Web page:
Museum of Youth Culture, Zay Initiative, YouTube, More: Thursday ResearchBuzz, September 19, 2019


It’s Nice That: The Museum of Youth Culture opens up vast digital archive, via Google Arts & Culture. “Today the Museum of Youth Culture launches a major partnership with Google Arts & Culture, which will allow people to explore its vast archive of material online for the first time. Founded in 1997 by Jon Swinstead, co-founder of 90s fashion title Sleazenation, the non-profit collects images, videos, flyers and other ephemera that encapsulate youth culture in London and the UK.”

Esquire Middle East: The Zay Initiative: the digital archive built to preserve Arab heritage. “… few of us rarely take the time to appreciate and understanding of how our aesthetic choices actual impact and reflect the culture that surrounds us – and, before we know it, we’re on to the next thing. Hoping to preserve this element of Arab culture is The Zay Initiative. Launching this month, the unique, non-profit organization is dedicated to the preservation of Arab heritage through the documentation and conservation of traditional clothing from the MENA region.”


TechCrunch: YouTube tests profile cards that show users’ comment history. “YouTube commenters will now have their channel loyalty — or their tendency to troll — exposed, thanks to a new feature called profile cards, now in testing. Recently announced by way of YouTube’s Creator Insider channel, where the company shares updates and changes with its creator community, these new profile cards would appear whenever you clicked on a commenter’s name, and would list all their other recent comments on the channel.”

BetaNews: Mozilla accelerates Firefox to a four-week release cycle. “If you’re the impatient type, the current six to eight weeks between major new builds of Firefox may have been agonizing. Mozilla feels your pain, and it is stepping things up a notch.”

Google Blog: New voices for your Google Assistant in nine countries. “You can already choose between 11 English voices here in the U.S. (including John Legend), and today, we’re launching a new voice in nine more languages: German, French, Dutch, Norwegian, Italian, Korean, Japanese, English in the U.K. or English in India.”


9to5 Google: Pocket Casts goes free with existing features included, adds ‘Plus’ subscription. “The podcasting industry is booming with heavy investment from large players like Google, Apple, and Spotify. NPR and a public radio consortium last year acquired Pocket Casts to offer its own experience and already released a major update in March with version 7.0. Today, Pocket Casts is going free and adding a ‘Plus’ subscription.” Pocket Casts has been my go-to podcasts app for years and I can’t recommend it enough. I cheerfully paid $3.99 a month and suspect I will cheerfully pay the $10 a year for easily-accessible storage of audio files.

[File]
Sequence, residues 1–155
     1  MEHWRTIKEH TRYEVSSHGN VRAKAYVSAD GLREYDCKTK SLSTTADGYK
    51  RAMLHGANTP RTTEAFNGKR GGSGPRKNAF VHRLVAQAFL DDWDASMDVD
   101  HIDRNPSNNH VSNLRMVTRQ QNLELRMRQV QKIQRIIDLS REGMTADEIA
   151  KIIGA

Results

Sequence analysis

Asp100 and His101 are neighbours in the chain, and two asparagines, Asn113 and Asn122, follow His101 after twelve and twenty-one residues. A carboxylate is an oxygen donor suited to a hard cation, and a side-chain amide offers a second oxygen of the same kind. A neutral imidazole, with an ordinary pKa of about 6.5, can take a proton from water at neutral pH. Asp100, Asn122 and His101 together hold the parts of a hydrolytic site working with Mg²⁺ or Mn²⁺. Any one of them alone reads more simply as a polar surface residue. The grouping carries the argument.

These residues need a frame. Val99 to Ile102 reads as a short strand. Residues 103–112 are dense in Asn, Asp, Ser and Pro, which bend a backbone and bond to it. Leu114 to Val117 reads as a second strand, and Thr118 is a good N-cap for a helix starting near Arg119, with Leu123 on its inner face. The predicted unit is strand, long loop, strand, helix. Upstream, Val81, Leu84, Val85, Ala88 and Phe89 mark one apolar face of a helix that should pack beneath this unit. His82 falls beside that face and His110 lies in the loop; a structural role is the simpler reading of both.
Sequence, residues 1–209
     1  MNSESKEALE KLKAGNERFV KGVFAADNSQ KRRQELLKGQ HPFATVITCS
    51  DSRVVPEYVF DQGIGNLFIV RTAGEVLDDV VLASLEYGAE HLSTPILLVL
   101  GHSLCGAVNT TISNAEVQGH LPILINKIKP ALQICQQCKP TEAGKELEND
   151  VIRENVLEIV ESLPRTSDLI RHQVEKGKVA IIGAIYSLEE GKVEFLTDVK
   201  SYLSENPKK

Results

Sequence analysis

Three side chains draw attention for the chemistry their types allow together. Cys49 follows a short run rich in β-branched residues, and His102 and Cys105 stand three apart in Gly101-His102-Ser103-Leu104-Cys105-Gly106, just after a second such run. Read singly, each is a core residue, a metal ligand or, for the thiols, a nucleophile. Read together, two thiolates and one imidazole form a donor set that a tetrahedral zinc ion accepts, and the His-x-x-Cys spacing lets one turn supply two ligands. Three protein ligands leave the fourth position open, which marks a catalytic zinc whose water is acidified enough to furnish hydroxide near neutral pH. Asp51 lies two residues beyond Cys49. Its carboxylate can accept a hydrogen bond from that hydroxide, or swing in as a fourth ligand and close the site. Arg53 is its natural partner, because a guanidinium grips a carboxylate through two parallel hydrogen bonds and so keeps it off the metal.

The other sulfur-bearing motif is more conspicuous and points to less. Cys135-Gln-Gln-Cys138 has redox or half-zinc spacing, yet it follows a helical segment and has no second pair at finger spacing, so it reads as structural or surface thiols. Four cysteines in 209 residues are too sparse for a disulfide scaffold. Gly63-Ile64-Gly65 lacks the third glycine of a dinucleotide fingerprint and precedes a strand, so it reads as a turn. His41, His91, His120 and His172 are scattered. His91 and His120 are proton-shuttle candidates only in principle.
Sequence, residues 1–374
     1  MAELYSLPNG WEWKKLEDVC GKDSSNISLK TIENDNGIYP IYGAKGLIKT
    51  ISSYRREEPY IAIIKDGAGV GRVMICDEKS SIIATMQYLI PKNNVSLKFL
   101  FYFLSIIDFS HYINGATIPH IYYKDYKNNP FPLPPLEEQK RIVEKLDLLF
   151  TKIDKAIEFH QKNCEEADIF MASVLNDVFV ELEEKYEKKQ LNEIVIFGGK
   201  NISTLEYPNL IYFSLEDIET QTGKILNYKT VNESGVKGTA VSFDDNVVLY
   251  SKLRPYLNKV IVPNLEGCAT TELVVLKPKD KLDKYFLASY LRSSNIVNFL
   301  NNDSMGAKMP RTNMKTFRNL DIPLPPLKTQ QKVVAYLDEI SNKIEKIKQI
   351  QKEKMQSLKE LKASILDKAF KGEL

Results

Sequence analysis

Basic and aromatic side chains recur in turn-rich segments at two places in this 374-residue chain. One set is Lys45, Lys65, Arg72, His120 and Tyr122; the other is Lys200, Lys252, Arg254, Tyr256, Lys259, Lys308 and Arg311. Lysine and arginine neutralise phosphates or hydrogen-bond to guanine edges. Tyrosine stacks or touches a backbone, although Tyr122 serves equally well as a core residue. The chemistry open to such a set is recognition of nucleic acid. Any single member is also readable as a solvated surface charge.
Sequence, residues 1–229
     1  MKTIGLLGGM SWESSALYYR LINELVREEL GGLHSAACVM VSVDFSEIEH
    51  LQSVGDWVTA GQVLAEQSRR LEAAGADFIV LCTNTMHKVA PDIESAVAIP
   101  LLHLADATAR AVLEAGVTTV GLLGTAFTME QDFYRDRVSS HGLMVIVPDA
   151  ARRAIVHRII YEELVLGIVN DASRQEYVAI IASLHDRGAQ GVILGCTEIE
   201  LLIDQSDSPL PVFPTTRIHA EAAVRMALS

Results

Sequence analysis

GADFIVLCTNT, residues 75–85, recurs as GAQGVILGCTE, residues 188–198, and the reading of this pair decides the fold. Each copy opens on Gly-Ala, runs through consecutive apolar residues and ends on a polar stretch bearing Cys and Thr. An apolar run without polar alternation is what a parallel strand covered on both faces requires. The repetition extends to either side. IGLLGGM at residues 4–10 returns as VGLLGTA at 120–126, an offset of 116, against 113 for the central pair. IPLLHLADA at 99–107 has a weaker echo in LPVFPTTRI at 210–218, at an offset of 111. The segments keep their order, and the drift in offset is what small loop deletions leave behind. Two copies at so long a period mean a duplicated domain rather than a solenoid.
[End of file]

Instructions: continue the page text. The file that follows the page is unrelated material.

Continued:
Enterprise .nxt: Is that site even up?. “What happens when you can’t reach a website you rely on? These online resources help you find out if a site you are trying to browse is down.”


Motherboard: Climate Change Could Erase Human History. These Archivists Are Trying to Save It. “Climate change making the word hotter, more humid, and more stormy—all conditions that put sensitive paper archives at risk. This problem is forcing us to ask, which histories will we choose to remember?”

CNET: Tonic app wants to show you to the unexplored, nontoxic corners of the internet again . “Tonic is a new app with a radical approach to recommendations personalized for you: It doesn’t want to know who you are, make money off your interests, or hook you on using its app more and more. Instead, Tonic wants to recommend you five and only five things every day, like an article or photo essay.”


Irish Tech News: New Report On Political Social Media Ads Identifies Inconsistencies In Datasets And Definitions. “Clear definitions of what constitutes political and issues-based advertising online and the availability of comprehensive and fully accessible databases are required to ensure the transparency of digital political advertising and campaigning. That’s according to Elect Check 2019, a new research report, commissioned by the Broadcasting Authority of Ireland (BAI) and undertaken by the Institute for Future Media and Journalism (FuJo) at Dublin City University (DCU), which was published today.”

University of Pennsylvania: Brevity is the Soul of Twitter: 280-Character Limit Makes Twitter More Civil. “You’ve probably heard it said before: Twitter is a cesspool. A platform once populated with harmless messages about one’s favorite TV shows or happenings about town, Twitter so often devolves into a hotbed of harassment, bullying, and metaphorical yelling. Many users thought doubling the platform’s character limit from 140 characters to 280, as Twitter did in November of 2017, could only make matters worse. But a new study from the Annenberg School for Communication at the University of Pennsylvania found the opposite.”

Phys .org: Team uses machine learning to help tell which wildfires will burn out of control. “An interdisciplinary team of scientists at the University of California, Irvine has developed a new technique for predicting the final size of a wildfire from the moment of ignition. Built around a machine learning algorithm, the model can help in forecasting whether a blaze is going to be small, medium or large by the time it has run its course—knowledge useful to those in charge of allocating scarce firefighting resources.” Good morning, Internet…

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